The D.B.C.

screenshot of an article by Leslie Robinson

In January 2017, RSBC merged with the Royal London Society for Blind People (RLSB). Although we are now called RSBC, there may be some references to RLSB in the following article.

 
Earlier this week we published an article about the founding of Dorton Broadcasting Corporation, which was set up by a band of students in the early 1950s.

Now we feature a piece by one of the early members of DBC, 15-year-old Leslie Robinson, published in 1952. But first, listen to a recreation of the first episode of DBC, by Leslie.

The D.B.C.

“Readers may remember, from my article of last year, how the D.B.C. (Dorton Broadcasting Corporation) began as a piece of string stretched from one point to another, with a tun attached to each end, and how it gradually developed towards our present standard.

“My father gave me a couple of radio sets and other bits of equipment, and I purchased an ex-army set from a radio amateur with whom my friend Donald Cooper has had a long acquantance. The ex-army set is a nin-vavle one, and can pick up stations from all parts of the globe.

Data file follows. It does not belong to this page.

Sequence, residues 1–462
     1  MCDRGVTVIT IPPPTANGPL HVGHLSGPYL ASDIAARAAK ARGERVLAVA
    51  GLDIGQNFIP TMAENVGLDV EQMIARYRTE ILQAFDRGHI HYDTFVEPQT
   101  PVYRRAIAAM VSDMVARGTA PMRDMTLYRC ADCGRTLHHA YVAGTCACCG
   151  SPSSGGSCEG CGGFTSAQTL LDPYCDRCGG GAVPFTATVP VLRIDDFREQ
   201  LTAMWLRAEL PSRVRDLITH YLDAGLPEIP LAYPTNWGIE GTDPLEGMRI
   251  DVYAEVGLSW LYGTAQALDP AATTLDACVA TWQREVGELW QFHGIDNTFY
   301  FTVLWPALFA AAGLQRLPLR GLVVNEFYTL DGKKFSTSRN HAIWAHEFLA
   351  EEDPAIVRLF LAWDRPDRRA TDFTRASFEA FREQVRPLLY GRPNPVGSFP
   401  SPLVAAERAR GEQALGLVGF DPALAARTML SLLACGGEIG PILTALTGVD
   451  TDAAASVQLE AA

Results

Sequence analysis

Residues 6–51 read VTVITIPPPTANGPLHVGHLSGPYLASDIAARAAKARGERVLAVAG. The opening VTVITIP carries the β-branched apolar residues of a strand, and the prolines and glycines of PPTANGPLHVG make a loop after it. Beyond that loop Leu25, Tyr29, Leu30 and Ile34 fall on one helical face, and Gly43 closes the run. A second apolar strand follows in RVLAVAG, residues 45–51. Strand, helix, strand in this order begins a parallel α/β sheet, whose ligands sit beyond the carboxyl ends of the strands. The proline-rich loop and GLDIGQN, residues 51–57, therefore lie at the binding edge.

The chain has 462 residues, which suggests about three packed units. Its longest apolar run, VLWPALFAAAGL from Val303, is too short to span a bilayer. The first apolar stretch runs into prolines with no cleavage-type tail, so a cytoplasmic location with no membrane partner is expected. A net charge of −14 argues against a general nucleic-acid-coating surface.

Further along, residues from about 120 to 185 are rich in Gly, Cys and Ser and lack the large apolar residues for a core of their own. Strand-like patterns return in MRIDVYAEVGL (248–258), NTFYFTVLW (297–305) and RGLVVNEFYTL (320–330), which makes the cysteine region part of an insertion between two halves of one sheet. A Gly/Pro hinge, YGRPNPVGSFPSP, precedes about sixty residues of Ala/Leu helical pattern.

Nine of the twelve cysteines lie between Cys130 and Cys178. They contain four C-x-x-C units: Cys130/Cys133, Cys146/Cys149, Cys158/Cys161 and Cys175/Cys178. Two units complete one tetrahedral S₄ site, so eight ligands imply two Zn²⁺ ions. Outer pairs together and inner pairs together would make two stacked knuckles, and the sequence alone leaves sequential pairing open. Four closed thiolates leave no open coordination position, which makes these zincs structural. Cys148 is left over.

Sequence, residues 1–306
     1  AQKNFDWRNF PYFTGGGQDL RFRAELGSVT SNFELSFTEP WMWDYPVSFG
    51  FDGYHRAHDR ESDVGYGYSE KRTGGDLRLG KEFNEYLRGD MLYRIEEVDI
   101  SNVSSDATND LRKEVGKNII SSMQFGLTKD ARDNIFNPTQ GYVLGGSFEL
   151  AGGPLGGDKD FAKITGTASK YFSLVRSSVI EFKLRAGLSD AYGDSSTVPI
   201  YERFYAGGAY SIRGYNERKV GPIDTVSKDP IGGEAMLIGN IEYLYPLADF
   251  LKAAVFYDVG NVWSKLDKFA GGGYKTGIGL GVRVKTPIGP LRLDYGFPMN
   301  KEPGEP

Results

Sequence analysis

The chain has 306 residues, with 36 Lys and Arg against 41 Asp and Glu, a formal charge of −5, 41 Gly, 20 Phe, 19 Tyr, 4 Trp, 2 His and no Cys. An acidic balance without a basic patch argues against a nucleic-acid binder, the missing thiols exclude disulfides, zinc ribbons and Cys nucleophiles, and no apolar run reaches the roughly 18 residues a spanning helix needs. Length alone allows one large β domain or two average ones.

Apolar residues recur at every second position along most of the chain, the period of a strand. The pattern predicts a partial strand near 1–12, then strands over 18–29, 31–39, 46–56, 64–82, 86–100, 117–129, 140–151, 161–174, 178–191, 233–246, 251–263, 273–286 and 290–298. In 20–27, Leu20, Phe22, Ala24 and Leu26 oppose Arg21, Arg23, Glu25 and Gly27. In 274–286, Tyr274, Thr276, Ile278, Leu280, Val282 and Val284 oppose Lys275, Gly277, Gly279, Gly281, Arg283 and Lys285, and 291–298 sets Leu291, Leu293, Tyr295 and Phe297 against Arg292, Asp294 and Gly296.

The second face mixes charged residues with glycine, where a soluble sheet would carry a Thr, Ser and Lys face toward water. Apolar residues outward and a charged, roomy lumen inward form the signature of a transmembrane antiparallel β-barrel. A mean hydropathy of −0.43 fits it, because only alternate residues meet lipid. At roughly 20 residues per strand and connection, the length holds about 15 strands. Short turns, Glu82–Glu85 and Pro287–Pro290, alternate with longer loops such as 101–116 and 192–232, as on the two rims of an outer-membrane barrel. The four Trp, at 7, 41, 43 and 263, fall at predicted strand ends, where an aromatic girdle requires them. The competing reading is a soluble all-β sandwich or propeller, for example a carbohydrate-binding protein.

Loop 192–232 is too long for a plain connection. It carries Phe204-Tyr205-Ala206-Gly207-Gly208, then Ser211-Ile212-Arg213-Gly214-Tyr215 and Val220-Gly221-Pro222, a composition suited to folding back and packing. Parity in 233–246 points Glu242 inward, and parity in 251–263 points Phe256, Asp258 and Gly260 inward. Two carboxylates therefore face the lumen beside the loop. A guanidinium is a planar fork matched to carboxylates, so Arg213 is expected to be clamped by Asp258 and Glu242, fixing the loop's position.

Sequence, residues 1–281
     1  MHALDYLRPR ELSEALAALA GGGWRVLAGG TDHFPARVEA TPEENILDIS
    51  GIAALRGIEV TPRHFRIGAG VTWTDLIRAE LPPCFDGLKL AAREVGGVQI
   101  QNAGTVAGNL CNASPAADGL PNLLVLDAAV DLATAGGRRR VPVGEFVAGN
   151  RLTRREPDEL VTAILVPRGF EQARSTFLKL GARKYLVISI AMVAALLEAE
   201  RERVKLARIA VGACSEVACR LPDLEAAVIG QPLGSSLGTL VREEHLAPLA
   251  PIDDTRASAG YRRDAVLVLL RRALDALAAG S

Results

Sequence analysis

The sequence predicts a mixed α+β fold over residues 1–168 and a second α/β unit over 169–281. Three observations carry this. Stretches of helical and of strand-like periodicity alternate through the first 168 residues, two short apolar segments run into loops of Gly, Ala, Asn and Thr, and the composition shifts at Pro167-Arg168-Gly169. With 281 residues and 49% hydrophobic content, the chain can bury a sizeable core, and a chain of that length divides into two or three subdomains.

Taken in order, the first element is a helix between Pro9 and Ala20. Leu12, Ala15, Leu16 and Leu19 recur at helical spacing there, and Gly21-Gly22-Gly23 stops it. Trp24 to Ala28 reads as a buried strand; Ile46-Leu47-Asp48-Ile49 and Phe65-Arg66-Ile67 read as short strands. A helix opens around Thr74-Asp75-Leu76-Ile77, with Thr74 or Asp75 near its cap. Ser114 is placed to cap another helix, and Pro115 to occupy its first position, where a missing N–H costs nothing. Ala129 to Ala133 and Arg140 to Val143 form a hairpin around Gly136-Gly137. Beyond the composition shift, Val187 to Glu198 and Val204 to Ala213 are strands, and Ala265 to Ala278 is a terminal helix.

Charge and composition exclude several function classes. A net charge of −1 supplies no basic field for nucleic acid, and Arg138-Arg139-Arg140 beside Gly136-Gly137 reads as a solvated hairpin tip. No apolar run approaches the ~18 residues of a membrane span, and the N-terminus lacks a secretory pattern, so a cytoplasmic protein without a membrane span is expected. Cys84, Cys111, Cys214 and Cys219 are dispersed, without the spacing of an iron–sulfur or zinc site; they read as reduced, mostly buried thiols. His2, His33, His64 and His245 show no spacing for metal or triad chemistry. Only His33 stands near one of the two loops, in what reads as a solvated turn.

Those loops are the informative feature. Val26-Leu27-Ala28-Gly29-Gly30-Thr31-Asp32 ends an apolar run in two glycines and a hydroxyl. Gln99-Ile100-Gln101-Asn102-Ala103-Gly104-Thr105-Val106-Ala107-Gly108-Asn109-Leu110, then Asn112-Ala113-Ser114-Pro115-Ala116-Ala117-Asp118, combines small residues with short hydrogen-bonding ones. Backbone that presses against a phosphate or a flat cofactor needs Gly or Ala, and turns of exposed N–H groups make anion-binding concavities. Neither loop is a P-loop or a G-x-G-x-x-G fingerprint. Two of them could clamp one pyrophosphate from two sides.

“It is intended to be listened to by headphones, but when I couple it up to an amplifier I can use it for our broadcasting. You may also remember my telling of how we ran Mike lines from one part of the building to another for broadcasting, but the venture lacked one important thing, and that was organisation of programme, so we decided to do something about it.

“On the evening of November 26th [1950] we met in Class Two room, after tea, those present being Michael Chambers, David Morris, Brian Payne, Nicholas Wells and myself. We agreed to start the corporation. The idea was not a new one, since the seniors had done it before, but it was now dying, in their case…

“…We have had a good many broadcasts since then, including many musical programmes of gramaphone records. Among these are Top Twenty, personal record programmes, a particular band on records, and the most popular of all, Dorton Favourites, for which listeners send in the addresses and favourite tunes of their parents, and we do our best to grant their wishes. We have quite a large number of records in the library now, mostly dance music, jazz and swing.

“Our two latest broadcasts ended with a blow-up and in one case there was such an accident event before the broadcast began. But in spite of these upsets, and others of all sorts of the work of The DBC continues.”

Read a recent article by Leslie about his Dorton days.

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